The most strident reaction to last week’s debutante ball for the Apple Watch wasn’t, as you might have expected, excitement for a new, potentially transformative class of consumer product. Nor was it skepticism about the watch’s commercial or cultural prospects. Rather, the most clearly voiced and vehement reaction to the watch, at least from where I was sitting, was angry sticker shock over the cost of the high-end model.
That ire was totally understandable: The $10,000 Apple Watch Edition proved an easy target for a swelling cultural resentment over the richest company in the world creating yet another “must have” chunk of future obsolescence to go along with our iPhone 6 and our iPad Air 2.
Yet the sheer bitterness of the response seemed to me incoherent, even naive. The top-end price for the gold-encased, ultrahard (as opposed to quitehard, veryhard, or superduperhard) wrist computer, $17,000 ($10,000 is just the starting price for the Watch Edition), is a prohibitive and foolish sum for almost everyone, to be sure. But in the world of luxury watches — one of the markets that Apple has clearly targeted with the new device — $17,000 is nothing. Don’t believe me? Google Audemars Piguet.
I don’t mean to imply that a $10,000 Apple Watch represents some kind of good deal. It’s exorbitant. However, the aggrieved public reaction to that cost made something obvious: Consumer technology in America has a muddled and weirdly immature relationship with luxury goods and conspicuous consumption.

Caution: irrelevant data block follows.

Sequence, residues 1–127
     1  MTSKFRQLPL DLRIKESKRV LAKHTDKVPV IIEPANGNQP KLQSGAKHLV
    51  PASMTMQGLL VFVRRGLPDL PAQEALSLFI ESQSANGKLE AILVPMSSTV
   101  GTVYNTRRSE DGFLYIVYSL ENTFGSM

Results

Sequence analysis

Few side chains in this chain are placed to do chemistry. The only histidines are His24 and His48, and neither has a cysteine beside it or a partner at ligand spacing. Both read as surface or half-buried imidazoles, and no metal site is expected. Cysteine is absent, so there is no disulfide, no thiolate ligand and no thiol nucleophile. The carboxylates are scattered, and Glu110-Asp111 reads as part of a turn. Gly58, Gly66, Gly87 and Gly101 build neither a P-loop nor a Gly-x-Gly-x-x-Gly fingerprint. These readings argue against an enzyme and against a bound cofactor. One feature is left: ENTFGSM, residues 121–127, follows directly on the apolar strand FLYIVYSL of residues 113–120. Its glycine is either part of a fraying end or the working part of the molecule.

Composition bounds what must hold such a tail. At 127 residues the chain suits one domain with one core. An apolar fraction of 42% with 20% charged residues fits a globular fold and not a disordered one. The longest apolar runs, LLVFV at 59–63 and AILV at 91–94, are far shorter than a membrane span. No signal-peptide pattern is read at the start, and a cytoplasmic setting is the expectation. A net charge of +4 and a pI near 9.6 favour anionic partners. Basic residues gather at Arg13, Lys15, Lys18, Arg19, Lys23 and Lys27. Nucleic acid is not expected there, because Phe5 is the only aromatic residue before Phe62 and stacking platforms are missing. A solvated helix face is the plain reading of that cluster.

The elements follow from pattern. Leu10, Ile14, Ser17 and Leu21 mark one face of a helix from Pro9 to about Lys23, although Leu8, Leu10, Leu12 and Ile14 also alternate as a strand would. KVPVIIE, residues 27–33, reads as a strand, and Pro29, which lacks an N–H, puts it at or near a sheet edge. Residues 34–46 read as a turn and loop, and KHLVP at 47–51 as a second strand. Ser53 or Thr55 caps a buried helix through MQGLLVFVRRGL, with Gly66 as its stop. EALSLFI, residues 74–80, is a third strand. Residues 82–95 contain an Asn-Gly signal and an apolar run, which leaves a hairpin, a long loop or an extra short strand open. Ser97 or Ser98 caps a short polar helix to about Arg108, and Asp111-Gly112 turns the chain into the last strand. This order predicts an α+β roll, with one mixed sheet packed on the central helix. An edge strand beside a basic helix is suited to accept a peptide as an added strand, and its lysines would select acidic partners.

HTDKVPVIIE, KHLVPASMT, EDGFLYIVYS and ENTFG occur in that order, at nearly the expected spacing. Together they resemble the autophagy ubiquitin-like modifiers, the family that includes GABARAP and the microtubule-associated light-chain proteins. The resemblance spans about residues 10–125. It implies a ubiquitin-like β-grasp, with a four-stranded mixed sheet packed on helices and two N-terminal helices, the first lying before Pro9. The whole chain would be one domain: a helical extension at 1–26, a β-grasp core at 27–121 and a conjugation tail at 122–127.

There have always been stupidly expensive electronics: televisions, gaming computers, cameras, sound systems; the things you find inside Bang Olfusen. And yet the purchaser of any of these things has always been able to tell him or herself, rightly or wrongly, that more money correlates with better, or more sophisticated, use. A more expensive television means a better picture; a faster gaming computer means better graphics, etc.
The finer and more subjective the distinctions are, as in high-end audio (and expensive wine), the easier it is to justify spending astronomical amounts of money — even if you can’t hear the difference or taste the notes of wild juniper and caraway seed, I can.
But with electronics, it always comes back to a question of use, and when it doesn’t, things get weird — tech and culture bloggers turning into Veblen-quoting neo-Marxists weird. Consumer electronics have simply never been able to comfortably escape the narrative logic of practicality. Higher prices must mean higher performance, right?
The $10,000 Apple Watch disobeys that. It doesn’t do anything its $349 little brother cannot. All the devices work the same—the price is part of the attraction. That’s why it only makes to sense to think about the Watch Edition in the context of traditional luxury goods, in which the questions of function and practicality are, if not secondary, irrelevant or even contradictory. A Hermès Birkin doesn’t hold stuff any better than a plastic bag; a 60-year-old Macallan doesn’t get you any drunker than a handle of Giorgi; a Cartier ring doesn’t mean you’re engaged any more than a Kay Jeweler’s ring (depending on your chosen, I suppose).